Tessie:             This is great. This is exactly what I wanted. In Ayn Rand’s Atlas Shrugged, the two characters for your listeners, Dagny and Hank are the two central characters, and they believe in these values. How do you think they kind of portray them through their relationship, their affair in the novel?


Dr. Kenner:      You mean how do they portray self-valuing?


Tessie:             Yes, and their selfishness and their love for each other? How is it that these two people can love each other but be selfish at the same time? 


Dr. Kenner:      If you have the wrong definition of selfishness, you can’t get anywhere, right? But if you know that what they are immensely attracted to are the virtues of character in one another. They’re both productive. They’re both ambitious. They both are honest. They both have joy or want joy. Dagny more so than Hank, but Hank comes alive with Dagny. He’s able to experience a side of himself that he hasn’t been able to in his God-awful marriage. I don’t want to do too much plot spoiling here, because if anybody hasn’t read Atlas Shrugged, it is the novel of a lifetime. It’s worth picking up right now. It’s also on mp3 and CD, you can go to any bookstore and get it or if you want to.


Tessie:             My mom has the 1950s copy and she gave it to me to read and now it is just falling apart. The covers are broken off. I’ve had to tape them so many times. Because I write notes in it and I kind of keep a journal with it.


Dr. Kenner:      That is absolutely phenomenal. I once went to an author, my favorite children’s parenting book, I brought the book to be signed by her, and my book was so well-used like that, instead of bringing a brand new book to have her autograph. She loved it. She said, “Oh my gosh, it’s so wonderful to see a used book.” Someone that really read and digested what she did. So you’re doing that. Atlas Shrugged is fabulous. It liberates you to love your life, to go after happiness and to build yourself into a person that’s lovable. So listen, also, I have a book that Dr. Ed Locke and I have written, you can check it out on or at Thank you so much for your call.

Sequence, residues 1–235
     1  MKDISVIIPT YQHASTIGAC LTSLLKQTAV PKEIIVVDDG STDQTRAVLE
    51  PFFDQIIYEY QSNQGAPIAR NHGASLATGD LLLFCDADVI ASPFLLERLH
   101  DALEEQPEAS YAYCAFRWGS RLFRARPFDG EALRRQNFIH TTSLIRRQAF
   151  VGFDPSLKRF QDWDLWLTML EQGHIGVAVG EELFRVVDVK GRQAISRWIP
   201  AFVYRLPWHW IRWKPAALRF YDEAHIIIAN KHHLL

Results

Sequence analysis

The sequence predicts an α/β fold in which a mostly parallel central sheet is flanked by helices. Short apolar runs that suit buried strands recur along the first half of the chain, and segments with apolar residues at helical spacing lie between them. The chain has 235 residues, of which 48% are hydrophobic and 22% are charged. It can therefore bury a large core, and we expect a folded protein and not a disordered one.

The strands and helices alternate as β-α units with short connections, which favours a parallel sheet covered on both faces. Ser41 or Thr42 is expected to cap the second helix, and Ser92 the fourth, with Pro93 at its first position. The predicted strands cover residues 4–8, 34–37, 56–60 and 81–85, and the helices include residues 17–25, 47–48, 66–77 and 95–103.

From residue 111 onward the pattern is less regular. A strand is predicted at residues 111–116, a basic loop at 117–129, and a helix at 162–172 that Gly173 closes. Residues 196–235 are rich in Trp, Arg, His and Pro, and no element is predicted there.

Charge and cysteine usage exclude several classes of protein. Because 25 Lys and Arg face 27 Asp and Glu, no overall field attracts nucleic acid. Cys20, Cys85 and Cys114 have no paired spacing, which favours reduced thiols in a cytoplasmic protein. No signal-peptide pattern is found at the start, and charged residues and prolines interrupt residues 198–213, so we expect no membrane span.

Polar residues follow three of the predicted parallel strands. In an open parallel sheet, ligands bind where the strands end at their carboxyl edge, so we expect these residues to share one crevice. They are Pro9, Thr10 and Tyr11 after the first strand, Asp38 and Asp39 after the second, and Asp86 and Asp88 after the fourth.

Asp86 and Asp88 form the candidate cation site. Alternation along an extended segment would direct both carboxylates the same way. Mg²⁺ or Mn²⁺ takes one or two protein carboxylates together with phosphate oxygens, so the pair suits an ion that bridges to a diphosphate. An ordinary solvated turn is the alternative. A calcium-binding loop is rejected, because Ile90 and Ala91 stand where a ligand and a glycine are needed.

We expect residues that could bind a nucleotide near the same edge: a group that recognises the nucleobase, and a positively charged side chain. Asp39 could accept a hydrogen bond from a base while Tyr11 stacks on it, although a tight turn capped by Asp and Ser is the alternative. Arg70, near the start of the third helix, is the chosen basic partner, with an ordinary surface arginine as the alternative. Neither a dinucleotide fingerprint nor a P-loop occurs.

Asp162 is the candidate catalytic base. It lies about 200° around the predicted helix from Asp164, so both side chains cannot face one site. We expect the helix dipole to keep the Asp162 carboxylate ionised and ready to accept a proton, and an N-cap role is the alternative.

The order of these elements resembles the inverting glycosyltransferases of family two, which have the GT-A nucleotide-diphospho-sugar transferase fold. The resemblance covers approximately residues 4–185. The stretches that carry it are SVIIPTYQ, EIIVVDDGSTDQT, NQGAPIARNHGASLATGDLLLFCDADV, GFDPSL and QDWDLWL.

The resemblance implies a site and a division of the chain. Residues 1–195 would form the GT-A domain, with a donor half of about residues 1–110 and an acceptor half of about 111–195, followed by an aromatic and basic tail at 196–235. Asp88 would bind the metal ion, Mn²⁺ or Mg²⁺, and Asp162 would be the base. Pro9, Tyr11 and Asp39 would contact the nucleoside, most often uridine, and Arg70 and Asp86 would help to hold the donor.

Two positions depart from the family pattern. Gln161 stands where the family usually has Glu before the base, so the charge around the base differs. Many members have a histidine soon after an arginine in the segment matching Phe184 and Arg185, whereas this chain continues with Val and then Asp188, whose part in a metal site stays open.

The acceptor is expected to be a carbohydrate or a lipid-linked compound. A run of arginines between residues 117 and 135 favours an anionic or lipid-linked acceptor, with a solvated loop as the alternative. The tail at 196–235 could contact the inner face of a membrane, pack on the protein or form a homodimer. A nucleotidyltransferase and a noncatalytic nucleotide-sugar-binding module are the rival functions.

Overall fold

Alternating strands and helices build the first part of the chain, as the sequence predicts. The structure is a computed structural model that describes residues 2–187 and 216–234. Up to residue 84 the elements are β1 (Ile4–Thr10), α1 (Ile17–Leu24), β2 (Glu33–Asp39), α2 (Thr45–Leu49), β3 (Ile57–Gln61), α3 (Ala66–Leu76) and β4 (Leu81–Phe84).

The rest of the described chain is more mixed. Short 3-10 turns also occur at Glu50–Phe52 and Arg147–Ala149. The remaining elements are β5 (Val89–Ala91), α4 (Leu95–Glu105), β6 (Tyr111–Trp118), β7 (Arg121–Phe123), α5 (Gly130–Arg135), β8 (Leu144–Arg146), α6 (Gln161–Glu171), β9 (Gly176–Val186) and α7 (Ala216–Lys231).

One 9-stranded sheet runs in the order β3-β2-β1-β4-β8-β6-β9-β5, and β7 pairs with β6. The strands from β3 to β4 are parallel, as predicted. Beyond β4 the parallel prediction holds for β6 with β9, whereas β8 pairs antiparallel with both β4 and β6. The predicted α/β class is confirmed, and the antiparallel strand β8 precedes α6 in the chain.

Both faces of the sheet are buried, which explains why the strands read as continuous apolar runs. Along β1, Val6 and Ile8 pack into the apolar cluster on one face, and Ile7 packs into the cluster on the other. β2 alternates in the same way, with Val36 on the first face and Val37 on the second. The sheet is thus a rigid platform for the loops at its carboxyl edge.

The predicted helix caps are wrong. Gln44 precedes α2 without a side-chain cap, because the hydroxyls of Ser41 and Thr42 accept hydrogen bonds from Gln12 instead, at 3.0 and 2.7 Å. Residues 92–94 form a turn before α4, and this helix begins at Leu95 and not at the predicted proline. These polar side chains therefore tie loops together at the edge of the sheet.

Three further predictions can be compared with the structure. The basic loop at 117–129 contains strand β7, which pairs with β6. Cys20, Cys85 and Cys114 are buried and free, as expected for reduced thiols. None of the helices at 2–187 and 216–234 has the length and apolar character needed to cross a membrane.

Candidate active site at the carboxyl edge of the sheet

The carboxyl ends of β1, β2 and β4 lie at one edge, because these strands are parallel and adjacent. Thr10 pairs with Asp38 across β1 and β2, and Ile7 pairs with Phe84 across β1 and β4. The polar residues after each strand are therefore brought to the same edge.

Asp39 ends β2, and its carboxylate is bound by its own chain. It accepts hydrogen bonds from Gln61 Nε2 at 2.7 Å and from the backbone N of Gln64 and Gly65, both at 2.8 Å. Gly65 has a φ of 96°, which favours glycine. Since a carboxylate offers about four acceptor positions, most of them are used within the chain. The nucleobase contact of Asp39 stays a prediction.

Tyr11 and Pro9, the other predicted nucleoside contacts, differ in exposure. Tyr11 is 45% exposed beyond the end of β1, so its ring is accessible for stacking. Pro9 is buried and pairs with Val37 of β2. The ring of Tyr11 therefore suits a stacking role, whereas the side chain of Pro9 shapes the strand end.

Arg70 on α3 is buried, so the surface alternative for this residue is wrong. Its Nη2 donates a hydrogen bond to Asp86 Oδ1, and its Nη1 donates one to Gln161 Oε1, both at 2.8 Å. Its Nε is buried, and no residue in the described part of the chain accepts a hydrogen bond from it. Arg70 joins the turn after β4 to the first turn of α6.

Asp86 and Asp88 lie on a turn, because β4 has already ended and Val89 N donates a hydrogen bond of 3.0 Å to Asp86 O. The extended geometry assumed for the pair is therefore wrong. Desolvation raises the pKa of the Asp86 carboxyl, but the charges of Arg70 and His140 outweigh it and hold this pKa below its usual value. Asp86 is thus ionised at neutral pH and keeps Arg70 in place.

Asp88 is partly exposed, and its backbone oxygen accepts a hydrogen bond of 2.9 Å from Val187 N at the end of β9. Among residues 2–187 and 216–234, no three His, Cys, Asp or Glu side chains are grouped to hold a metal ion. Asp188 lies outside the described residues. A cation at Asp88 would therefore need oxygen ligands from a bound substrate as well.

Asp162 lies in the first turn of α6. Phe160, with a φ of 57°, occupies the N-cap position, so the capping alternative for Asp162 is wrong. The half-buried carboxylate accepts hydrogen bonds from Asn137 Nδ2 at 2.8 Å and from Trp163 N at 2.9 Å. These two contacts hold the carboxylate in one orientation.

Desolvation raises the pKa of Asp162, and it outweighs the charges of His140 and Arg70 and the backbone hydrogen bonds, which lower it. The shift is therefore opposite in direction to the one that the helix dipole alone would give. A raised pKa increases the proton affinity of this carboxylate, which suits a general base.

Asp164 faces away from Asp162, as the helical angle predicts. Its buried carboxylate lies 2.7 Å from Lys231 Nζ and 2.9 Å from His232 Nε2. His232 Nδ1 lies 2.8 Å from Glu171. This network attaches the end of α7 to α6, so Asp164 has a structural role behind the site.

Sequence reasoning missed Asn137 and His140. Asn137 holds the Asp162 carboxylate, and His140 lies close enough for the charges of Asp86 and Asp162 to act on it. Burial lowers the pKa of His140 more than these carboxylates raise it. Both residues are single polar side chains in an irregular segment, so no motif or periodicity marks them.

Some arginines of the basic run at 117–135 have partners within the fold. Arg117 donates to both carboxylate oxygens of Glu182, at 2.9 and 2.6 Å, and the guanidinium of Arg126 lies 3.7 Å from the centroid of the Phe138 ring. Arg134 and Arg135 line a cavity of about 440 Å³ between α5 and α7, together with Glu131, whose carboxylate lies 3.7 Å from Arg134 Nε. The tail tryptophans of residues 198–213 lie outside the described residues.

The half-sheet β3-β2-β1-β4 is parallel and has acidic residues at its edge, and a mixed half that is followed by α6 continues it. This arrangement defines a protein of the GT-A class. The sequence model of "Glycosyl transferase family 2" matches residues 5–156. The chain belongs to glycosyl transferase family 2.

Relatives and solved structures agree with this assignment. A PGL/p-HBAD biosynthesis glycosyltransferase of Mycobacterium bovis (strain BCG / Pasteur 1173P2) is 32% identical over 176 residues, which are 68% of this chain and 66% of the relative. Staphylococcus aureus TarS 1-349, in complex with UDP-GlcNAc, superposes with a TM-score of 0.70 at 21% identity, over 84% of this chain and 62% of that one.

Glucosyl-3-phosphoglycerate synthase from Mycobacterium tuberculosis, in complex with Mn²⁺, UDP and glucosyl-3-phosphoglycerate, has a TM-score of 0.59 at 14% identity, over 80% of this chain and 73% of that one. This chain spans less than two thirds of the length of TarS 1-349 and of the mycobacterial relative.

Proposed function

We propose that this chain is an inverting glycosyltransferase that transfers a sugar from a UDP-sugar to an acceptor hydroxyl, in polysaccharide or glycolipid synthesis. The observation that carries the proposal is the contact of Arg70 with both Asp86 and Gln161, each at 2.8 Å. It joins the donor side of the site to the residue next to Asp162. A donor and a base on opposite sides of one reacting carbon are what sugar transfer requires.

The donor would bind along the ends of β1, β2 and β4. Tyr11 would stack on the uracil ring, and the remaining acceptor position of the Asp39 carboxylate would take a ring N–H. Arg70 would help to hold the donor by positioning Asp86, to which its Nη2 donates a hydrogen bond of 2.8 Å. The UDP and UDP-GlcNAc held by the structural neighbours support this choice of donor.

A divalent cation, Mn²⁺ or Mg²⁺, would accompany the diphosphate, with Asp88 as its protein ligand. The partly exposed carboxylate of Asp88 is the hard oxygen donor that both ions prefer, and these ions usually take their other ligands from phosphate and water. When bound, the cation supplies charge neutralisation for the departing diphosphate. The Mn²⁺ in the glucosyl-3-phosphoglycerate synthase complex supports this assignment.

Tessie:             Thank you very much.



Dr. Kenner:      You’re very welcome. I’m Dr. Ellen Kenner. 


Movie clip        

Male 1:             Can I get two couches in my office? Because if I have friends come over, I want them to feel comfortable.

Male 2:             What office?

Male 1:             Frank was nice enough to give me some sort of creative executive position.

Male 2:             You gave him the job that I wanted?

Male 1:             I’ve been getting your coffee and doing your work for five years now. When I started here, I was promised advancement opportunities. And breaking that promise, to me, is unacceptable. (sound of CRASH ! )


Dr. Kenner:      That is from Anger Management and even though I knew that was coming, it still rattled me. I’m Dr. Ellen Kenner and my show is The Rational Basis of Happiness. I’m a clinical psychologist. How do you handle your anger? When things feel unfair to you, that’s where the motion of anger comes from. It’s your mind’s evaluation that this is not fair. I’ve gotten your coffee. You promised me a promotion. You promised me advance or opportunities for it. I’m not advancing. Obviously, who would want to advance that person? But there are situations where you’re just pushed to the limit and you’re ready to blow. You don’t want to blow. You want to be able to handle yourself so you can reflect back on it maybe five years later and say, “I was cool in a crisis. That was an awful crisis but I kept my dignity” and you might even move ahead that way and have a more likely chance of moving ahead in that case.